5.6/10
66,580
966 user 186 critic

Mission to Mars (2000)

When the first manned mission to Mars meets with a catastrophic and mysterious disaster after reporting an unidentified structure, a rescue mission is launched to investigate the tragedy and bring back any survivors.

Director:

Brian De Palma

Writers:

Lowell Cannon (story), Jim Thomas (story) | 4 more credits »
Reviews
Popularity
4,720 ( 818)

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From $2.99 (SD) on Prime Video

ON DISC
1 nomination. See more awards »

Photos

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Cast

Cast overview, first billed only:
Gary Sinise ... Jim McConnell
Tim Robbins ... Woody Blake
Don Cheadle ... Luke Graham
Connie Nielsen ... Terri Fisher
Jerry O'Connell ... Phil Ohlmyer
Peter Outerbridge ... Sergei Kirov
Kavan Smith ... Nicholas Willis
Jill Teed ... Reneé Coté
Elise Neal ... Debra Graham
Kim Delaney ... Maggie McConnell
Marilyn Norry ... NASA Wife
Freda Perry Freda Perry ... NASA Wife
Lynda Boyd ... NASA Wife
Patricia Harras ... NASA Wife
Robert Bailey Jr. ... Bobby Graham
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Storyline

When a mysterious storm kills all but one crew member of the first manned mission to mars, a rescue mission is launched. Once on the red planet, the crew finds the sole survivor of the first mission who informs them that this was no ordinary storm. It was meant to protect something. But what? Written by Eric Thal

Plot Summary | Plot Synopsis

Taglines:

For centuries, we've searched for the origin of life on Earth...We've been looking on the wrong planet. See more »


Motion Picture Rating (MPAA)

Rated PG for sci-fi violence and mild language | See all certifications »

Parents Guide:

View content advisory »
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Details

Official Sites:

Cinopsis [Belgium] (French)

Country:

USA

Language:

English

Release Date:

10 March 2000 (USA) See more »

Also Known As:

M2M See more »

Filming Locations:

Santa Clarita, California, USA See more »

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Box Office

Budget:

$100,000,000 (estimated)

Opening Weekend USA:

$22,855,247, 12 March 2000, Wide Release

Gross USA:

$60,883,407

Cumulative Worldwide Gross:

$110,983,407
See more on IMDbPro »

Company Credits

Show more on IMDbPro »

Technical Specs

Runtime:

Sound Mix:

Dolby Digital EX | SDDS | DTS

Color:

Color (Technicolor)

Aspect Ratio:

2.35 : 1
See full technical specs »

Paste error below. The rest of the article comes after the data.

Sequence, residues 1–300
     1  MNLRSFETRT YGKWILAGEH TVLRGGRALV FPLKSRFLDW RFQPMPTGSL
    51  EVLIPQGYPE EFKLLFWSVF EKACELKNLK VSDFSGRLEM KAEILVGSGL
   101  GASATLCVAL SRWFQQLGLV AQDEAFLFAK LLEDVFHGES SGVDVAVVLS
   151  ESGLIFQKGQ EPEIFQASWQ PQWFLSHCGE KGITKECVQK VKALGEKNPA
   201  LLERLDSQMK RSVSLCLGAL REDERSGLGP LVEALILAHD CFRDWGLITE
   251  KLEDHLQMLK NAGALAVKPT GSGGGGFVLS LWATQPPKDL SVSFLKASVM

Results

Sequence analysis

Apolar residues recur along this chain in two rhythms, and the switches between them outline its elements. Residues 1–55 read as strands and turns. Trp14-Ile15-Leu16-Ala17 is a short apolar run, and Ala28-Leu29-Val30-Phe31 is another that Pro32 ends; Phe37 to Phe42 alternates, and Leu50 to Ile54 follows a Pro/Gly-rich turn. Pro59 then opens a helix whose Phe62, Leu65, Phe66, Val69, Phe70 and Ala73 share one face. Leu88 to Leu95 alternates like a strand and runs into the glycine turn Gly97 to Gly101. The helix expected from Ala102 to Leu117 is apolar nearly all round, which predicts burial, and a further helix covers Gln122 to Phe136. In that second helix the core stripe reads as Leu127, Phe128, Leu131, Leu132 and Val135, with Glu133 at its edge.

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Did You Know?

Trivia

The crew used a real 2,000 lb. rock to drop behind the astronauts. See more »

Goofs

(at around 32 mins) In the weightless scene inside the space station, Woody's watch slips down his arm, indicating the presence of gravity. See more »

Quotes

Woody Blake: You're just not man enough to wear jewelry.
See more »

Crazy Credits

The National Aeronautics and Space Administration's cooperation and assistance does not reflect an endorsement of the contents of the film or the treatment of the characters depicted therein. See more »

Connections

Featured in WatchMojo: Top 10 Spacewalk Scenes in Movies (2015) See more »

Soundtracks

Ma 'Tit Fille
Written by Buckwheat Zydeco (as Stanley Dural, Jr.)
Performed by Buckwheat Zydeco
Courtesy of The Island Def Jam Music Group
By Arrangement with Universal Music Special Markets
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Frequently Asked Questions

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User Reviews

My Review
7 March 2000 | by greaseistheword2000See all my reviews

My Mission to Mars was a pleasant adventure. Departing from today's incessant need to combine blood curling aliens with one's travels through space, Mission to Mars provides an intelligent ultimatum. The film lies somewhere in between 2001, The Abyss and Lost in Space, forcing us to examine our roles as humans throughout the ages in this unexplored territory. Sprinkle a touch of action, and a pinch of suspense, and you have yourself a sci-fi film for the new millennium.

The film stars such veteran actors as Tim Robbins, Gary Sinise, Don Cheadle, and Jerry O'Connell; an ensemble where only first-class acting is possible. So let us move onto the direction. It is Brian DePalma's foray into science fiction. And masterfully done to say the least. His shot composition is reminiscent of Scarface and The Untouchables, mixing filmmaking from the days of yore with today's MTV aesthetic. DePalma's talent for filming suspenseful action sequences is in full swing in this film. The spacewalk scene will be one that will not be forgotten for quite some time. Could possibly be one of the best spacewalk scenes in films to date. The hidden jewel for me was the unpredictability of the film. Each corner turned was a pleasant surprise. I can't remember that last time I saw a movie with this quality, especially coming out of the Hollywood mainstream.

The cinematography was astounding. Imagine Lawrence of Arabia lensed on Mars. Professor Jenkins from Scientific America was correct when he said that the images from the film were identical to those photographed from the actual planet. And that is not a small feat.


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